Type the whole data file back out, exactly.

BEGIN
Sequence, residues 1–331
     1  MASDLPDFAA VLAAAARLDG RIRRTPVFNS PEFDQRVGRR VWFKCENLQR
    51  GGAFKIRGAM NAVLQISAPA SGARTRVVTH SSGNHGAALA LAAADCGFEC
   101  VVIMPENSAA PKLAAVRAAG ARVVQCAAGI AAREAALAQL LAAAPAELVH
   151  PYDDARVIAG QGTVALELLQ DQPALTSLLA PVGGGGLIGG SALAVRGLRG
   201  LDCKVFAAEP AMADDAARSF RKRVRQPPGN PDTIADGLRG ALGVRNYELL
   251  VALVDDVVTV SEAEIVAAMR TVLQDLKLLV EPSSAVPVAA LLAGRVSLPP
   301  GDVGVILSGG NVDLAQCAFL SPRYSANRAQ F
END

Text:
Sequence, residues 1–331
     1  MASDLPDFAA VLAAAARLDG RIRRTPVFNS PEFDQRVGRR VWFKCENLQR
    51  GGAFKIRGAM NAVLQISAPA SGARTRVVTH SSGNHGAALA LAAADCGFEC
   101  VVIMPENSAA PKLAAVRAAG ARVVQCAAGI AAREAALAQL LAAAPAELVH
   151  PYDDARVIAG QGTVALELLQ DQPALTSLLA PVGGGGLIGG SALAVRGLRG
   201  LDCKVFAAEP AMADDAARSF RKRVRQPPGN PDTIADGLRG ALGVRNYELL
   251  VALVDDVVTV SEAEIVAAMR TVLQDLKLLV EPSSAVPVAA LLAGRVSLPP
   301  GDVGVILSGG NVDLAQCAFL SPRYSANRAQ F